By Jimmy Burgess
During this three-piece article on leadership, I intend to bridge the gap between military and corporate leadership, leadership of “yesterday” and leadership of “today.”
Part one is going to focus on the subtle and fundamental changes that have gradually occurred, not from the leadership side,but from those who are led. Today’s leaders face a unique challenge: Out with the old, in with the new. And no, I am not talking age groups. I am talking technology.
We are living in a time when technology is more advanced than it has ever been. Daily, there are changes, updates, new programs coming out and old programs rendered “obsolete.”As leaders, we need to recognize the dynamics of those we look to lead. Baby boomers have been labeled as “unwilling to change.” At the other end of the spectrum, millennial’s have been labeled as “lazy,” and“unwilling to earn their keep.” Obviously,this is not a fair generalization of either age group, but it’s out there. As a leader, how do you challenge those you lead to separate themselves from this thought process? Baby-boomers, Generation X and Ys, and Millennial’s alike all have a unique method and approach to daily tasks. Leaders of today face a great challenge: stay ahead of the wave of change and forge the leaders of tomorrow with the widest gap of age differences ever seen.
The United States military is one of the best examples of said “melting pot.” Military Leaders entering the civilian workforce are coming in with experience in their ability to accomplish the mission with the widest array of personnel demographics.How have they been so successful? Can they continue that success in the civilian sector? Of course they can. They have experience. They work well under pressure. They meet deadlines. They are team oriented. As a battlefield leader, you do not have to be a subject matter expert of every single piece of equipment in your squad, platoon or company to be a successful leader. A successful leader must remain humble. They must realize they cannot possibly know everything at every moment. There are measures in place to assure that even when the leader isn’t present, the next man below them can step in, and the next, and the next. Battlefield dynamics suggest even the best leaders can, and do fall in combat. Proper training ensures that even the lowest ranking man, if needed, can accomplish the mission on the battlefield. The same should bes aid for ANYONE who is a leader or will be one in the future.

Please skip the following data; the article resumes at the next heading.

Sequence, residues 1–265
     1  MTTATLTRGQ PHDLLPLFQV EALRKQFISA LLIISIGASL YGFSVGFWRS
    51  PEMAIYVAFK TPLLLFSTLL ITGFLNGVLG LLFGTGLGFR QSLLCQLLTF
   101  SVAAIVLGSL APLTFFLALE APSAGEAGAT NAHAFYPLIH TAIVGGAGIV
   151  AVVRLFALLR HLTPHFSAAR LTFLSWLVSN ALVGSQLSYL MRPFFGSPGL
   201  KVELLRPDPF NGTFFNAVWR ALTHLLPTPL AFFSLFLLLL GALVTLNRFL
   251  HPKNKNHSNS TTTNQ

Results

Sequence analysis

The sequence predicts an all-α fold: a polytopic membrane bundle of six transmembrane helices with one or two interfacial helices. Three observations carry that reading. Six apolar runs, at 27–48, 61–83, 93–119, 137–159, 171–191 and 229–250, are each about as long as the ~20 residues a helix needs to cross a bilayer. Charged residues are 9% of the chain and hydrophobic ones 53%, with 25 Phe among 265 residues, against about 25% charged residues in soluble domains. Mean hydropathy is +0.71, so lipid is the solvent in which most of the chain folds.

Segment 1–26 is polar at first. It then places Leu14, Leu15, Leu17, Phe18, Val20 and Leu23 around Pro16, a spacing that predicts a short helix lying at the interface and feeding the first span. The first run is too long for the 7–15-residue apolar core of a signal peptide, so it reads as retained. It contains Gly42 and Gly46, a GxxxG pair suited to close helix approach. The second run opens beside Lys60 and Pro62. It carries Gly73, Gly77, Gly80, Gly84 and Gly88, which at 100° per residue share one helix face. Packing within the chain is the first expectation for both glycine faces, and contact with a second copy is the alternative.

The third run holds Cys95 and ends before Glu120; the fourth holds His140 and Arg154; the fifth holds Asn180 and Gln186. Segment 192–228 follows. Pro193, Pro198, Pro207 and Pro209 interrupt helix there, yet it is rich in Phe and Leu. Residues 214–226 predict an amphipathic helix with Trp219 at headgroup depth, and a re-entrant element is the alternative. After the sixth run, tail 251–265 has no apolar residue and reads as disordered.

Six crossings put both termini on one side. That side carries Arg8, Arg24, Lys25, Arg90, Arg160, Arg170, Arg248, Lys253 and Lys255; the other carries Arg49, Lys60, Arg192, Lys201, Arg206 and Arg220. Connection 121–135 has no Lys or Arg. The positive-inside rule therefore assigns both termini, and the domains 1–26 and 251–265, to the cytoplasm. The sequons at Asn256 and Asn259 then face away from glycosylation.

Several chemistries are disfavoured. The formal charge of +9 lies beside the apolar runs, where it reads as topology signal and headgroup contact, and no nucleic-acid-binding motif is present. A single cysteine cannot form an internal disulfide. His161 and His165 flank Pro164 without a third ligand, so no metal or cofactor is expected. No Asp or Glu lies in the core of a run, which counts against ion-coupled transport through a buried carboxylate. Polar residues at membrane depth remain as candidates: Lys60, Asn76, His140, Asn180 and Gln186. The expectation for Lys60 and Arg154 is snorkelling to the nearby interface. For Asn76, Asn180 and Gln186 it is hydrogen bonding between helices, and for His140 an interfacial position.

As a leader, the key is to recognizing talent. Every day should be an evaluation of those that look to someday replace you as you climb the corporate ladder or move on. As a leader, the product you make is no longer what your company makes. Those
days are gone. Your responsibility and focus should be on the health and welfare of
those you lead. Is that your focus? Leaders MUST grow future leaders. The United States military has an amazing assessment process in place. The NCOER (Non-commissioned Officer Evaluation Report) and OER (Officer Evaluation Report). Yearly, NCOs and Officers receive one of these to assess their progress, address strengths and weaknesses,
and how to improve through personal and professional development. Does your company have a similar system in place? For a company to have a successful program, a
leader must be able to assess and analyze their subordinates with the full intent of
growth and progression.
If you believe your company needs a program like this to help strengthen your ranks, there are many resources available to generate a similar program online. Or, feel free to send me an email and I would love to assist you in improving your leadership (and future leadership) core.
Jimmy Burgess is the Director of Leader Development and Elite Leader Training for Forward March Inc., a veteran-owned company designed to help companies with military hiring programs and leadership training. Burgess spent 12 years in the Army and did three tours in Iraq with the only Special Operations Aviation Unit in the
Army. He can be reached at www.forwardmarchinc.com or email him directly at